Celebrations are powered up as major windfarm is opened
PUBLISHED: 18:09 22 November 2017 | UPDATED: 18:19 22 November 2017
Copyright: Archant 2017
It can provide renewable energy for the equivalent of up to 410,000 homes through its 67 offshore wind turbines.
Situated 20 miles off the coast from Cromer, the Dudgeon Offshore Wind Farm is now generating power three years after the green light was given for investment in the £1bn project.
This afternoon the wind farm was officially opened and as these photographs showed it involved a plane flying over the 402MW wind farm, which has created 70 full-time jobs directly linked to it.
MORE; wind farm contracts awarded
Among those jobs are staff working at the Dudgeon Offshore Wind Farm Operations Centre in Great Yarmouth, which accommodates offices and a dedicated 24/7 control room to manage the operations and maintenance of the wind farm.
The official opening was held at Great Yarmouth Town Hall and saw the three chief executive officers of the companies that own the wind farm attend - Statoil, Masdar and Statkraft.
MORE; turbines generate power
Statoil was the operator during the construction phase and will remain operator during the wind farm’s 25 year operational lifetime.
Marine installation on the project started 18 months ago and the installation of the first 6MW wind turbine took place in early January this year.
Graham Plant, leader of Great Yarmouth Borough Council, was at the event and said: “The wind farm means for the next 25 years we will be having ships coming in and out of Yarmouth servicing the farm.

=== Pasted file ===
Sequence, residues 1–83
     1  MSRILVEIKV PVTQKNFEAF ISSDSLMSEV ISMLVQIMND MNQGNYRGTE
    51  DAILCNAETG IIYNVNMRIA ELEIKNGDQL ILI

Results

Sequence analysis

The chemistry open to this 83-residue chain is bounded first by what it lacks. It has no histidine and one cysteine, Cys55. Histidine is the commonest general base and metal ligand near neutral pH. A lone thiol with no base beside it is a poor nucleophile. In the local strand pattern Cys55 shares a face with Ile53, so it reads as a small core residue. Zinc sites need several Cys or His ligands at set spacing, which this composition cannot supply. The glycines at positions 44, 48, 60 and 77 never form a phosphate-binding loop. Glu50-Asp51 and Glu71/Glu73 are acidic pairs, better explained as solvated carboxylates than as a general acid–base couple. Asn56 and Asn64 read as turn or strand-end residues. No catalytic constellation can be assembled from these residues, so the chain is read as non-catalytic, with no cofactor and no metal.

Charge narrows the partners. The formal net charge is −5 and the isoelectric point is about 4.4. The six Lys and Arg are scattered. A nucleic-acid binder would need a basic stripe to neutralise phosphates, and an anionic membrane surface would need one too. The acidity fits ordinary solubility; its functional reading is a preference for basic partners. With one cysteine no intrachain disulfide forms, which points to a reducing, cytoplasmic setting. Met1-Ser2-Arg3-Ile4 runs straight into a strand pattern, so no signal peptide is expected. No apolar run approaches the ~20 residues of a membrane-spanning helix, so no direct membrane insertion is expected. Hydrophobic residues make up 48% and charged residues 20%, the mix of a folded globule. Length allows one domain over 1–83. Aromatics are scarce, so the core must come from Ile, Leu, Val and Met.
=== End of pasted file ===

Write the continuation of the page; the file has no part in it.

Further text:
MORE; sub-station work starts
“For us that means employment in Great Yarmouth. It means a supply chain is going to be needed to help keep that business alive and keep going.
“And the announcement of the third river crossing today will help that as well. Everything in Yarmouth at the moment is upbeat.
“It is a good day for Great Yarmouth.”
Also attending today’s ceremony were Elnar Remi Holmen, state secretary at the Norwegian Ministry of Petroleum and Energy; Mohammed Sharaf, United Arab Emirates assistant minister of foreign affairs and international cooperation for economic and trade affairs; Campbell Keir, director for energy at Department of International Trade; Hugo Robson, chief negotiator at the Department for Business, Energy and Industrial Strategy; and Kerry Robinson-Payne, mayor of Great Yarmouth.
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